Diversification occurs when an organization moves into areas that are clearly differentiated from its current businesses.
Diversification growth strategies may be appropriate for firms that cannot achieve their growth objectives in their current industry, with their current products and markets. Other reasons for a firm to diversify include the following:
- Markets of current business(es) are approaching the point of saturation or decline of the product life cycle.
- Current business(es) are generating excess cash that can be invested elsewhere more profitably.
- Synergy is possible from new business (for example, because of common component part, costs can be spread among more units).
- Antitrust regulations prohibit expansion in present industry.
- A tax loss can be acquired.
- The international sector can be entered quickly.
- Technical expertise can be gained quickly.
- New, experience executives can be attracted or current executives can be held (for example, if they are productive but bored).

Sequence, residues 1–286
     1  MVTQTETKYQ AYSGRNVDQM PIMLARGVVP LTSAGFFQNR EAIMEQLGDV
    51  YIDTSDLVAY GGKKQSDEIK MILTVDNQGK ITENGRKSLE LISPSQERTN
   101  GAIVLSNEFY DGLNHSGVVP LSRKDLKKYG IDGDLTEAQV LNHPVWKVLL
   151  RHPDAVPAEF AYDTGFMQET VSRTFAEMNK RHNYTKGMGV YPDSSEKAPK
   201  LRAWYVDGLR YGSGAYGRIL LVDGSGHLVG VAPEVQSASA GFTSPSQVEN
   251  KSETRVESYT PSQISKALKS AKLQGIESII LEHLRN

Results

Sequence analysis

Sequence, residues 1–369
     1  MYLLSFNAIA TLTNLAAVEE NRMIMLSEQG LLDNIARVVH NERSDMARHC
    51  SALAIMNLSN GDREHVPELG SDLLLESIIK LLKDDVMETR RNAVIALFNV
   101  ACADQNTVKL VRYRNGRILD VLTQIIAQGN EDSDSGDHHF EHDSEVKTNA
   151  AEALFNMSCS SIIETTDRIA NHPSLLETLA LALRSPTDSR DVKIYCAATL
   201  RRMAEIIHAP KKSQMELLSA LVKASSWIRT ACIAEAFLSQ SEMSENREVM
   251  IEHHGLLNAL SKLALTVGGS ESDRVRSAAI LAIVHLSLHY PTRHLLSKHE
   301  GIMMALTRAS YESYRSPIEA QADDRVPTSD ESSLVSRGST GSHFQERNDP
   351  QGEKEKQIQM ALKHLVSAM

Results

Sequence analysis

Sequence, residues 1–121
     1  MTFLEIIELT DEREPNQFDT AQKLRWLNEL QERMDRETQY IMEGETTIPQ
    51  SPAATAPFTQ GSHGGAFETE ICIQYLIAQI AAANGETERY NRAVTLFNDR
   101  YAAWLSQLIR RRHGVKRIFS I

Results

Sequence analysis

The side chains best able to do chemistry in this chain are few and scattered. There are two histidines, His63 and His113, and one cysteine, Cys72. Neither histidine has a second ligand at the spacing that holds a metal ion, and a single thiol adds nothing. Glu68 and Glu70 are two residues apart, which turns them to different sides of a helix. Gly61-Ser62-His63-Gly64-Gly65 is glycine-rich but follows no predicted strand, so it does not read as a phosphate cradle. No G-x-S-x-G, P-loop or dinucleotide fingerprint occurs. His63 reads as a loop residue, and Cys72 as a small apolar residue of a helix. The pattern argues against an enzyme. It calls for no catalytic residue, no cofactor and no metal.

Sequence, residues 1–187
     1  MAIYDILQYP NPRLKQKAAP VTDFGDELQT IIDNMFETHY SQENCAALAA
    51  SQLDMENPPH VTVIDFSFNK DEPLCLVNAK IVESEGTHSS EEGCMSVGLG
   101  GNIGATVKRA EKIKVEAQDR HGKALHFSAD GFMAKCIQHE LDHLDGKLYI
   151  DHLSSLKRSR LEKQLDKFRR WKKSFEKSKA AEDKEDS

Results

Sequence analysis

But, whatever the reason for diversification, the firm must define the role of each business within the enterprise - successful diversification is not mere aggregation (which may come as a surprise to certain conglomerates).
According to Peter Drucker, "attempts to diversify without either a foundation in common market or in common technology are doomed to frustration."
He further concludes that diversification to make a business "countercyclical" - balancing the cycles of one industry with those of another - rarely works, nor do attempts to marry businesses with high demands for capital with those having a high cash throw off; the balance tends to change with time, invalidating the reason for the diversification.
There is one absolute requirements for successful diversification: unity values. The business unit's climate and values must be compatible and there must be "respect" for the businesses.
Most diversification strategies can be classified as concentric diversification and conglomerate diversification.
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